Smart use of technology the way to winning cyberwar

Some people can sympathise with the Government's dilemma in having to protect information assets amid Singapore's push towards information and communications technology advancement ("Delinking Net access a necessary evil" by Miss Tan E-Jynn; June 16).

However, the weakness of the wide-ranging move to delink Internet access from most public servants' work computers didn't escape others ("Online access an integral part of work today" by Mr Rajasegaran Ramasamy; June 9).

First, some public servants need Internet access in their course of work, and some don't. Public servants should be better profiled such that only those who don't require the Internet get access delinked from their work computers. This can be done quite easily with today's technologies.

Second, blocking Internet access primarily aims to stop external hackers from coming into the network. But what about rogue users from within the organisation?

Besides planting malware on their computers, insiders can transfer data out of government offices by plugging in their USB keys or taking photos of documents with their camera phones. What is being done to prevent such data leaks?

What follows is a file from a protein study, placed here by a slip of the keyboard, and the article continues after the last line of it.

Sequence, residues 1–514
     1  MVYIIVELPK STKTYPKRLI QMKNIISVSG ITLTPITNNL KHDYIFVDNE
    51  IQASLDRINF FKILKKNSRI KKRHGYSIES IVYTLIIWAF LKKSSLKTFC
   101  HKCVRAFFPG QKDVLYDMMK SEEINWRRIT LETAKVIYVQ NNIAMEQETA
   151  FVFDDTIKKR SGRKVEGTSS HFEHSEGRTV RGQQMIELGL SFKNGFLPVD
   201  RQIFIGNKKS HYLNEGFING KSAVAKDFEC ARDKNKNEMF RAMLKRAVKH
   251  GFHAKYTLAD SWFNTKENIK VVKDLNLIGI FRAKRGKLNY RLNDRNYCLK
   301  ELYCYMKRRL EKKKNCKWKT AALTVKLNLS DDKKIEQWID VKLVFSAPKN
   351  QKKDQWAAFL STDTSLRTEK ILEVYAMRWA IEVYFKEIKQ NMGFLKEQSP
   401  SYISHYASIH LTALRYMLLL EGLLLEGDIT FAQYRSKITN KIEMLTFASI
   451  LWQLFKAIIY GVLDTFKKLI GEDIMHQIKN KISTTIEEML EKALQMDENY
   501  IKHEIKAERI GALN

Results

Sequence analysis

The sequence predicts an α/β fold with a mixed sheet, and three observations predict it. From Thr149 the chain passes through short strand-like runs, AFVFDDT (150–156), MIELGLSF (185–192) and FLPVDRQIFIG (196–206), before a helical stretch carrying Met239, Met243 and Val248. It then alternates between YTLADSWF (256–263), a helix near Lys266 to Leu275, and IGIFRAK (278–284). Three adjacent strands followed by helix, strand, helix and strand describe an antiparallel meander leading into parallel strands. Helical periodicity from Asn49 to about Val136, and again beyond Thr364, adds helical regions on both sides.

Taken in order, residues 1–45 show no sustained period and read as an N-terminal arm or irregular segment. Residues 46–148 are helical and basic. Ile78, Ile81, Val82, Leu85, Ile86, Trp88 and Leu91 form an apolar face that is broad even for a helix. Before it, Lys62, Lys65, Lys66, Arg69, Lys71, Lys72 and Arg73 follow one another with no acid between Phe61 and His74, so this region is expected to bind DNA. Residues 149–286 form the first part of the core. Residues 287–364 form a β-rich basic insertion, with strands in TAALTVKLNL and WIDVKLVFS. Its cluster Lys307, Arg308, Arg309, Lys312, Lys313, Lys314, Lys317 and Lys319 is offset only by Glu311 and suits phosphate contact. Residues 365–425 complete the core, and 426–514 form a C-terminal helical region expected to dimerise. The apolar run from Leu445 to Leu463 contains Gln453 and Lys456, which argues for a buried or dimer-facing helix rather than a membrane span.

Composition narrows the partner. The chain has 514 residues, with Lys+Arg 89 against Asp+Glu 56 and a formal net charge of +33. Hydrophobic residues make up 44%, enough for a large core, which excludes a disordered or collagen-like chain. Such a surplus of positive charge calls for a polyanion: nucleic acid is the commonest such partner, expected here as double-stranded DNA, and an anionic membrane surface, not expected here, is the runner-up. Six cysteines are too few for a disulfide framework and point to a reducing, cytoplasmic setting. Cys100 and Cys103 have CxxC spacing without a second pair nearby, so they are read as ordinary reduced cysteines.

Options the Government should instead consider are:

- Redesign its network to have different zones of varying security levels, and put in place the right monitoring tools to keep track of activities throughout the network.

- Have proper identity and access management. Internal and external users should be accurately mapped to the information they can access based on their roles and responsibilities.

- Implement strong security policies that are rigorously enforced 24/7.

In the longer term, the Government should establish a task force comprising public and private organisations to find ways to combat cyber threats.

Some companies already work with Nato, Interpol and other government agencies to exchange threat information and repel sophisticated hackers. There are also partnerships with managed security service providers such as Singtel and StarHub to protect organisations here.

Lastly, like other government initiatives, citizens' buy-in is paramount. The Government must take steps to educate the public that it is in their interest to abide by the additional security measures put in place to safeguard their data and privacy.

George Chang